There is a saying in Nicaragua, "The country is rich but the people are poor." Basically, Nicaragua is a country full of potential and natural resources despite being one of the most economically poor countries in Latin America. But for any individual, company or government looking to invest in wind, water or solar energy projects while helping philanthropically at the same time, Nicaragua is the perfect place.
A company owned by Centrans and AEI has recently constructed $90 million in windmills in south west Nicaragua, one of the windiest regions in the world. The project is said to be operating at 80% capacity, 60% higher than originally expected. With the first 19 windmills, over 6% of the country's energy needs were met.
The following is an excerpt from Commodity Online, proving Nicaragua's commitment to clean energy and wind power:
Nicaragua secured its commitment to green energy technology by awarding a 30-year license for wind farms in the country, advocates said.
The Nicaraguan Ministry of Energy and Mines granted Nicaragua's Blue Power & Energy a 30-year license for a 22-turbine wind farm that could produce 39.6 megawatts of electricity.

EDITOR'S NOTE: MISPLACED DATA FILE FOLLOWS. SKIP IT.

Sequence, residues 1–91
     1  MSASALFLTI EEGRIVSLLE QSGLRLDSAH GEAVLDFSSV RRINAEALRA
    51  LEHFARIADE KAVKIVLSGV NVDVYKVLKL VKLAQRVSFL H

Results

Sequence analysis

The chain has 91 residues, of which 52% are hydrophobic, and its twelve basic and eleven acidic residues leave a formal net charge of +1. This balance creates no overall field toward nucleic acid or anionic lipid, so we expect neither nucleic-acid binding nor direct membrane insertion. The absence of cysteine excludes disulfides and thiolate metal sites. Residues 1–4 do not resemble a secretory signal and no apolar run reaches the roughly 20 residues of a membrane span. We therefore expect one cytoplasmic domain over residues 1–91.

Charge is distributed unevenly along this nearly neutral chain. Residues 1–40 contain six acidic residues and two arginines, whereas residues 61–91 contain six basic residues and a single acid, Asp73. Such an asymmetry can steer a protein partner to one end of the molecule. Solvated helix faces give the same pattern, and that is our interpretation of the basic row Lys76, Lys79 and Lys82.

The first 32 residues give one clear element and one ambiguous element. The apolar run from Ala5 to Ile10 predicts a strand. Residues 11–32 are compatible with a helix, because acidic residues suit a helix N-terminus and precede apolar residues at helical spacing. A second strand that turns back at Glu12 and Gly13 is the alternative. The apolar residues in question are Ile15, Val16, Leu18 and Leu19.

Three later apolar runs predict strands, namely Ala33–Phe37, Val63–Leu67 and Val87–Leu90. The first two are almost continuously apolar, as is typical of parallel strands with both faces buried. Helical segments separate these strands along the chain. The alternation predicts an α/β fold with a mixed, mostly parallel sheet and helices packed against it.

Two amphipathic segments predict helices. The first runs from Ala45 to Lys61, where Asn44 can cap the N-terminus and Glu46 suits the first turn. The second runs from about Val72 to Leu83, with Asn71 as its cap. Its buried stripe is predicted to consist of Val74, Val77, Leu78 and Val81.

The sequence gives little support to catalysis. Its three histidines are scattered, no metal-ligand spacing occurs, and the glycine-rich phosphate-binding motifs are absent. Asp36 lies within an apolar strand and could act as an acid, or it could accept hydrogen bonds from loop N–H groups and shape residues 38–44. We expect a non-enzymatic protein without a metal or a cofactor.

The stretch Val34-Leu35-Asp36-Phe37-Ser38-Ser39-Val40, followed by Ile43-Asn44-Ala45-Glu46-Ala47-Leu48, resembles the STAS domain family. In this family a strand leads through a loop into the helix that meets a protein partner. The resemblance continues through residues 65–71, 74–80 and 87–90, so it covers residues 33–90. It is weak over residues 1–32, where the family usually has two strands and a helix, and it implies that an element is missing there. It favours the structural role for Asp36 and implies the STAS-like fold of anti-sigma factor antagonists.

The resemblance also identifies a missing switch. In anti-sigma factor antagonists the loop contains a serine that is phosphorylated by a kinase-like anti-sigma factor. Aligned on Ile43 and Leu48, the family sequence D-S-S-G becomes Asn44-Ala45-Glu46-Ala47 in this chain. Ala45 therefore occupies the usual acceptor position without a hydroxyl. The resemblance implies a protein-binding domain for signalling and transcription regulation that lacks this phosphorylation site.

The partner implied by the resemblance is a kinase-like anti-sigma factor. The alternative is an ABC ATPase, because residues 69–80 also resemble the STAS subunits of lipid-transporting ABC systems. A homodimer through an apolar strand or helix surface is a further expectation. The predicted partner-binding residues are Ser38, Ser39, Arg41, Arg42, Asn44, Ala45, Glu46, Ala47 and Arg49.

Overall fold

PRO Nicaragua, a non-profit economic advocacy group which has offices in Washington, notes that Nicaragua has the potential to generate 800 megawatts of power from wind energy, which represents about 17 percent of the current renewable energy potential for the country.
The Nicaraguan government in 2008 and 2009 awarded several wind energy licenses to bring to the total installed capacity to 100 MW. "This demonstrates the government of Nicaragua's commitment in working actively to promote renewable energy projects in the country in pursuit of transforming the current oil-based energy generation matrix," said the advocacy group.
Nicaragua also has an advantage when it comes to geothermal power, with an active chain of 25 volcanoes in the country. Geothermal power is one of the most reliable, cost effective, sustainable forms of renewable energy available and is limited to areas near tectonic plate boundaries.
This just in from a US-based news source:
Reno-based Ram Power Corp. and Nicaraguan natural gas company Disnorte-Dissur are negotiating a power purchase agreement for energy produced by a new geothermal power plant in Nicaragua. Disnorte-Dissur will purchase up to 157 megawatts of power to be developed from Ram Power's Casita San Cristobal geothermal concession.
Both final capacity and power rate figures are subject to approval by the Nicaraguan Ministry of Energy and the electricity regulator. The agreement is expected to be signed this year.